Typically 1500 SMEI data frames from each camera are combined for a single orbit into a composite surface-brightness skymap. Individual stars transiting near the center of a camera's field of view (FOV) have a characteristic fish-shaped point-spread function (PSF) which varies considerably in size as the star moves across the FOV narrow dimension. A composite skymap standard-star PSF for each camera was constructed using a dozen isolated bright stars. The accompanying figure illustrates the resulting PSF for each of the three cameras.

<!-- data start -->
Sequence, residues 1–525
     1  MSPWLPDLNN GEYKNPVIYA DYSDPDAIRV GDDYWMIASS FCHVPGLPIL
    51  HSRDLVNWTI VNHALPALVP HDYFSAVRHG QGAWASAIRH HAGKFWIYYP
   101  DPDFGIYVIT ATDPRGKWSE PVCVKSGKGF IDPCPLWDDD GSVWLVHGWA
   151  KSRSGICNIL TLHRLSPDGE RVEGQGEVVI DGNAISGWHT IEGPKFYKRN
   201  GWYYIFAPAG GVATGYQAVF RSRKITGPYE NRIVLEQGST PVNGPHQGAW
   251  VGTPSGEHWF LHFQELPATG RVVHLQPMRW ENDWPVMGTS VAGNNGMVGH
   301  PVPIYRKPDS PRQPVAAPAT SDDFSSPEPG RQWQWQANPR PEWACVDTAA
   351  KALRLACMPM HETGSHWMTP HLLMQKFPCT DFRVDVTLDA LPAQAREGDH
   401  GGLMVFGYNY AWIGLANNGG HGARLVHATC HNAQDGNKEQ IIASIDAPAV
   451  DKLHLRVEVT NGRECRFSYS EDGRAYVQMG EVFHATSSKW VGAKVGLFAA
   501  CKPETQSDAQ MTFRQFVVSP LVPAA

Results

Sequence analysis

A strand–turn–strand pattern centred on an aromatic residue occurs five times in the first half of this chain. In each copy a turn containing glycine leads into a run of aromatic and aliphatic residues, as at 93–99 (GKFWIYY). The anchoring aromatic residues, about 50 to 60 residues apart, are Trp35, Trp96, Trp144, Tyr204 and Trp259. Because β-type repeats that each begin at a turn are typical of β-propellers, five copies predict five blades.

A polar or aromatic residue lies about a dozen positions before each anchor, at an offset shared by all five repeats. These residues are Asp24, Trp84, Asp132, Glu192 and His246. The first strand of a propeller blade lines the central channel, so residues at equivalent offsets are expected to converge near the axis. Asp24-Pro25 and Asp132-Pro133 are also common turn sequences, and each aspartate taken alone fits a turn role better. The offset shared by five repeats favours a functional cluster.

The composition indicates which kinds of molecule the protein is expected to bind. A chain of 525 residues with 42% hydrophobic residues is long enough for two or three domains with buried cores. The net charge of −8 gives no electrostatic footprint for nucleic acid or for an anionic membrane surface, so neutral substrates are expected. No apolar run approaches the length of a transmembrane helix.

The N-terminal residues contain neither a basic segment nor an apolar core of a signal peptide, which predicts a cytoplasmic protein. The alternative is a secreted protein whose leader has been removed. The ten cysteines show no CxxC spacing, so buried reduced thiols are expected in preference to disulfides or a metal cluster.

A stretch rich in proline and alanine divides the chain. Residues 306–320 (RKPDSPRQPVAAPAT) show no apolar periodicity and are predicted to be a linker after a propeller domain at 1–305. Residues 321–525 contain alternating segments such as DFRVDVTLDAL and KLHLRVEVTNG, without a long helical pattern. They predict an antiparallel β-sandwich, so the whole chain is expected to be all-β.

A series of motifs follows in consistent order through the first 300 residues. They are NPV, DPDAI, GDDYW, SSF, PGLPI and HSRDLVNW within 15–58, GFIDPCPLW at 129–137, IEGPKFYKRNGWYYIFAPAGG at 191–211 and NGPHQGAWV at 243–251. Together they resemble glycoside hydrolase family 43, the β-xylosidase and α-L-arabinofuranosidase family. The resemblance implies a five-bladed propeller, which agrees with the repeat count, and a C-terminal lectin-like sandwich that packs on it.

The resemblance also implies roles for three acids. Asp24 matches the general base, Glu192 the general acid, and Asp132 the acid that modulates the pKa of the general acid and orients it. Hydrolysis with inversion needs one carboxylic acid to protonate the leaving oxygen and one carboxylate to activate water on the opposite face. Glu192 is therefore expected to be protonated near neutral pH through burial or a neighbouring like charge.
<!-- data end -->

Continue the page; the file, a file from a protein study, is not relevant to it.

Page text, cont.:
At an angle θ from the center of the FOV, the appropriate PSF is narrowed in the horizontal dimension here by a factor cosine(θ). In order to minimize compromising the photometric specification for SMEI (0.1% differential photometry per square degree of sky), individual point sources are removed from the composite skymaps. Details of the fitting procedure are found in Hick, Buffington and Jackson (2007). This fitting and removal procedure not only generates considerably cleaner skymaps, but also generates precision photometric timeseries for the 5593 cataloged objects that have been removed.